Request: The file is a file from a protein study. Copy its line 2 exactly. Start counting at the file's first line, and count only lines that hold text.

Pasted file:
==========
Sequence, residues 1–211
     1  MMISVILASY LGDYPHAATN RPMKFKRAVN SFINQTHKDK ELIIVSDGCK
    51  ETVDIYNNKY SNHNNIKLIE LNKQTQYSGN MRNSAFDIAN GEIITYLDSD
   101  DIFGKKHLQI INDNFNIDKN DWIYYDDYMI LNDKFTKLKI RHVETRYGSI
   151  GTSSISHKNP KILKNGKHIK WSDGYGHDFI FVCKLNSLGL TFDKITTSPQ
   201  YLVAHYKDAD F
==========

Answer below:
     1  MMISVILASY LGDYPHAATN RPMKFKRAVN SFINQTHKDK ELIIVSDGCK